Fournette had seasons of 1,040 rushing yards in 2017 and 1,152 in 2019, although he was considered a disappointment due to his high draft status and attitude issues. He was abandoned by the Jaguars after the 2019 season.
Fournette, however, began to resurrect his career last season with Tampa Bay when he played in a 93-yard playoff rushing game against Washington and gained 89 yards in the Buccaneers’ Super Bowl victory over Kansas City. XL. Fournette this season looked tied for another 1,000-yard campaign as he had 812 yards before sustaining a hamstring injury in Game 14, ending his regular season.
McCaffrey and Fournette were the only running backs taken in the first round of this draft. After that, Mixon and Cook went to the second round. The two likely would have gone in the first if it hadn’t been for problems off the field, Mixon in Oklahoma and Cook in Florida State.
The versatile Kamara, who was named to five consecutive Pro Bowls and tied an NFL record with six touchdowns against the Vikings on Christmas Day 2020, was a steal in the third round. Hunt, who was taken out by Kansas City and led the NFL to rush as a rookie and made the Pro Bowl, and Conner, selected by Pittsburgh, also made it to the third round. After four years with the Steelers, including his first place in the Pro Bowl, Conner signed before this season with the Cardinals.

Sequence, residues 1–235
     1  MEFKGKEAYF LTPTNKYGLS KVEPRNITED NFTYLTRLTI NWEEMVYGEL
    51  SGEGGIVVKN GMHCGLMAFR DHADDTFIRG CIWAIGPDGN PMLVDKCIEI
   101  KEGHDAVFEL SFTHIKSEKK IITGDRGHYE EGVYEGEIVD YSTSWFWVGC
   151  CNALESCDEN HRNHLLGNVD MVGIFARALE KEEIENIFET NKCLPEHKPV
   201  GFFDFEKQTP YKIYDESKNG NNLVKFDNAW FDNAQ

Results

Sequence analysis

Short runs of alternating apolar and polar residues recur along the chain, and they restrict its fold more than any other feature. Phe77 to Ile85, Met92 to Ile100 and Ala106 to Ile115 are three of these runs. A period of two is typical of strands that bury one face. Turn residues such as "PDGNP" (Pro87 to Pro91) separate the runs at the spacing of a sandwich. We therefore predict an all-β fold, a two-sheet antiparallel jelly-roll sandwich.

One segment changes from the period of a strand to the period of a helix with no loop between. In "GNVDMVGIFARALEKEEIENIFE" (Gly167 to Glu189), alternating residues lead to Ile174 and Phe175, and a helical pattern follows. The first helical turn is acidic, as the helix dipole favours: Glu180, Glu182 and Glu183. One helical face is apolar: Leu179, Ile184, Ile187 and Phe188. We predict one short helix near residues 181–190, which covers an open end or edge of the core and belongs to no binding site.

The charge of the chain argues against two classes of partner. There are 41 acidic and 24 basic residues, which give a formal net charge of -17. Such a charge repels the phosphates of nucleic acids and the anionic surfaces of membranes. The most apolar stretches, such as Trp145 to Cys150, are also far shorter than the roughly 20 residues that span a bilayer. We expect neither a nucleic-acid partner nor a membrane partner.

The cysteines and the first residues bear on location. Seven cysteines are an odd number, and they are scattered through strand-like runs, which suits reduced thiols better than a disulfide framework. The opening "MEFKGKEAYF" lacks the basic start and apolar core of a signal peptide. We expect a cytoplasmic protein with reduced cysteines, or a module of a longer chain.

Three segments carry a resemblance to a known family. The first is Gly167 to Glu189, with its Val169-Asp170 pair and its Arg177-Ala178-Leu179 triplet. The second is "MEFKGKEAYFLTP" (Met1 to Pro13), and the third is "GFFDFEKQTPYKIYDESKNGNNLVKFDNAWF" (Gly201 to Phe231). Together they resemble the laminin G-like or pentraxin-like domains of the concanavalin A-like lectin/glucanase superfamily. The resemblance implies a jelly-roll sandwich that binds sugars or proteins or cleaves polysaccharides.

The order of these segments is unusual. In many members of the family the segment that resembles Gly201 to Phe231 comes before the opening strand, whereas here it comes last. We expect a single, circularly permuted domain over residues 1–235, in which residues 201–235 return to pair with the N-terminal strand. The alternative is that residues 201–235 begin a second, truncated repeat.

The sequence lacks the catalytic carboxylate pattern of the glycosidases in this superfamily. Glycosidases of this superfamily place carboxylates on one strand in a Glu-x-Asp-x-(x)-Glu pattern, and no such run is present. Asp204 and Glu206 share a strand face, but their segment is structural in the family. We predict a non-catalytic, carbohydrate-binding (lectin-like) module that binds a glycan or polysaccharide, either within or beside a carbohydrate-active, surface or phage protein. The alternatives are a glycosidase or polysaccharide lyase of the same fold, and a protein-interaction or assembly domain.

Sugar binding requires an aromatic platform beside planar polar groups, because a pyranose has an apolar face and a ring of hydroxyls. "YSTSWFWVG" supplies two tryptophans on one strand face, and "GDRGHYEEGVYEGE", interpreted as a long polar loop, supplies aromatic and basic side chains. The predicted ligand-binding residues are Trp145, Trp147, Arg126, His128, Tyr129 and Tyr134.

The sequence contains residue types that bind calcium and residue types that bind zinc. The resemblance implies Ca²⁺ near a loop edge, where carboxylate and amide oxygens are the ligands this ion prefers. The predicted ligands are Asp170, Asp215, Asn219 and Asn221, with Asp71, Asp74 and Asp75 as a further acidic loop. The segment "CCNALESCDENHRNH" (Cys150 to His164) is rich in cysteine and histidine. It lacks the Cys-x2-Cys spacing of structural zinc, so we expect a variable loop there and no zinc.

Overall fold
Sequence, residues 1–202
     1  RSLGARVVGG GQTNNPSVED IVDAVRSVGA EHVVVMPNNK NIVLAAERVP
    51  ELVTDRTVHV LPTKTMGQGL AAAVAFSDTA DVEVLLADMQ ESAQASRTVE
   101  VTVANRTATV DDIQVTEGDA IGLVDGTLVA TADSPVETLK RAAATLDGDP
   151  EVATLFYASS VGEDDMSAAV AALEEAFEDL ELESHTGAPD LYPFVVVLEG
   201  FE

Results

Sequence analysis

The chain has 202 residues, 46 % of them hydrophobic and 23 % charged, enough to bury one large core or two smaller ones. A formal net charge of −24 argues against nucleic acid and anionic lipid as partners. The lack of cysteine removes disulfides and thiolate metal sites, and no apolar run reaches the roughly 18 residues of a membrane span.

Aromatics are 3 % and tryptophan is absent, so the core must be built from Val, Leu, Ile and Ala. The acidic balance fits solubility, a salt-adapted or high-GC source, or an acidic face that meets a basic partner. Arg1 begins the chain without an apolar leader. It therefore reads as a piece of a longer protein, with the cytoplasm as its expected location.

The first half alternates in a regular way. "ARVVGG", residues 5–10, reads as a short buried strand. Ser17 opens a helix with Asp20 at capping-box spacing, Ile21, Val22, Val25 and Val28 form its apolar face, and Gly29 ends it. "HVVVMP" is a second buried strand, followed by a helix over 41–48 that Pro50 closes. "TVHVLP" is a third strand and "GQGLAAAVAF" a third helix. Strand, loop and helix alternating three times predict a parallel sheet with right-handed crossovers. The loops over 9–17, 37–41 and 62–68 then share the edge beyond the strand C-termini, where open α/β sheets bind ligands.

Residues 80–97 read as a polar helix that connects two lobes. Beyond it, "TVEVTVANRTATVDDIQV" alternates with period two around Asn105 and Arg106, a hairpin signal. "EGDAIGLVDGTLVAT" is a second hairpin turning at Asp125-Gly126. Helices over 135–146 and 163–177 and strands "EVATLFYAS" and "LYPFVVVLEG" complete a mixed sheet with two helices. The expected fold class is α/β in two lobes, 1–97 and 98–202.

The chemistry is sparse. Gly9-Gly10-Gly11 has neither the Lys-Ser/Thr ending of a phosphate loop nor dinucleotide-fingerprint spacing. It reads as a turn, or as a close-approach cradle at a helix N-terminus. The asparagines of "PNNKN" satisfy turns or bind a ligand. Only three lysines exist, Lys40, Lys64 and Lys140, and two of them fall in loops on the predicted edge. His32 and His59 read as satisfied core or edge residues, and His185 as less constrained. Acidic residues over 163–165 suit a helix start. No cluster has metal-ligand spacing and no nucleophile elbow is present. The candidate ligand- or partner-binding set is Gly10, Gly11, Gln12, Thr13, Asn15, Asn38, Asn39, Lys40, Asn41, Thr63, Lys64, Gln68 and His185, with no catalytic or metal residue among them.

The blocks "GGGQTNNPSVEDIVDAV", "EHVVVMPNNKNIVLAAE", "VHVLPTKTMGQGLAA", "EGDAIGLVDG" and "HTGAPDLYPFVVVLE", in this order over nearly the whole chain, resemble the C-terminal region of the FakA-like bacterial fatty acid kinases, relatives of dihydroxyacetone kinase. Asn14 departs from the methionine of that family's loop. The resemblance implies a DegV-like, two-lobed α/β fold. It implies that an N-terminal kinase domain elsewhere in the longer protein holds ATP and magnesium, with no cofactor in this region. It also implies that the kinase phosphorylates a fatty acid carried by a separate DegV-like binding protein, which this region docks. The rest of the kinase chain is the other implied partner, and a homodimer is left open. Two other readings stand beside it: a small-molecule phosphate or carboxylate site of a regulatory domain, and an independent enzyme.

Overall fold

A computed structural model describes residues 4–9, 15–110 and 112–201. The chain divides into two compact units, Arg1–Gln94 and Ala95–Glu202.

The fourth round included the Bears selecting Cohen and Indianapolis taking on Marlon Mack. Mack totaled 1,091 rushing yards in 2019 before struggling with injuries and then losing his job after the Colts called Jonathan Taylor in the second round of the 2020 Draft. Taylor leads the NFL rushing with 1,626 yards and is an MVP candidate.